24 June 2021, New Delhi: A new independent international scientific body, the Climate Crisis Advisory Group (CCAG), has been launched today to provide expert advice and guidance to global leaders as they seek further commitments to combat the climate crisis.
Chaired by Sir David King, former Chief Scientific Advisor, UK Government, the CCAG includes 14 world-leading scientists from a range of climate-related disciplines. Dr Arunabha Ghosh, Founder-CEO of the Council on Energy, Environment and Water is one of two Indian members in the group, in addition to Prof. Lavanya Rajamani, Professor of International Environmental Law, Faculty of Law, University of Oxford.
Commenting on the creation and launch of the independent group, Sir David King, Chair, CCAG, said, “I believe we have five years left to get on top of this global problem. We began talking seriously about climate change in 1992, yet we are in a much worse position now – watching greenhouse gases increase year after year. We need to take action now and that is exactly what CCAG is set up to do. Each member is a world leading expert, with the knowledge and capabilities to address politicians, financial institutions, and members of the public with a degree of nimbleness that no other international expert body is capable of, focussing on real, tangible actions towards global climate change mitigation and repair for our future generations.”
Dr Arunabha Ghosh, CEO, CEEW, said, “The climate crisis is a great leveller, affecting the rich and the poor in both the developed and the developing countries. Last month, severe cyclonic storms – Yaas and Tauktae – battered India’s east and west coasts. Currently, a devastating heat wave is sweeping through large parts of the United States and Russia. While the frequency and intensity of such extreme climate events are increasing the world over, the pace of climate action remains far too slow. Much of the world’s citizens are not demanding more and faster climate action. The rich must act because of their responsibility. The poor must act because of their vulnerability. The focus now needs to be on connecting with the public at large on the climate crisis and bringing sustainability from the margins to the mainstream. And if we did, then a lot of answers we already have in our technical models and in our policy advisories can begin to get translated into real action on the ground.”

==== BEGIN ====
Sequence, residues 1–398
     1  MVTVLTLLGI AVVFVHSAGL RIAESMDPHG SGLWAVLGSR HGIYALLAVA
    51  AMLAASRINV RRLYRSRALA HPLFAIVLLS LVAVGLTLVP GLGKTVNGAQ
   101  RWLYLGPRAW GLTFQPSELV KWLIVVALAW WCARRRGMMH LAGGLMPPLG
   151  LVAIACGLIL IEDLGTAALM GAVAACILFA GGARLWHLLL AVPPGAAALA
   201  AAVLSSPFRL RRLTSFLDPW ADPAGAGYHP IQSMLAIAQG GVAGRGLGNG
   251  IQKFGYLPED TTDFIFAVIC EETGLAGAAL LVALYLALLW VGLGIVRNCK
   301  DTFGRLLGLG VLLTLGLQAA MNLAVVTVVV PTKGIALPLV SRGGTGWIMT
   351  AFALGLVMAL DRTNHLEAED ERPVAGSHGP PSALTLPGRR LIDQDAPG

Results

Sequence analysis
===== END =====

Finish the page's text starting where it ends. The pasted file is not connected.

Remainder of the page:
Alongside its launch today, the Group called for agile, international, political and financial action to mitigate the consequences of climate change through its coined “Reduction, Removal and Repair” measures.
Reduce: Current targets are not enough. Nations need to triple their emissions-cutting pledges to limit the effects of the climate crisis.
Remove: We need critical investment to develop research and scale techniques to remove greenhouse gases from the atmosphere.
Repair: Deep research is needed to explore and investigate safe methods and technologies that could repair parts of our damaged climate systems.
CCAG will offer leading scientific advice in an open and transparent format to governments, stakeholders, and the public with the aim of agitating for real and significant commitments required to make these changes.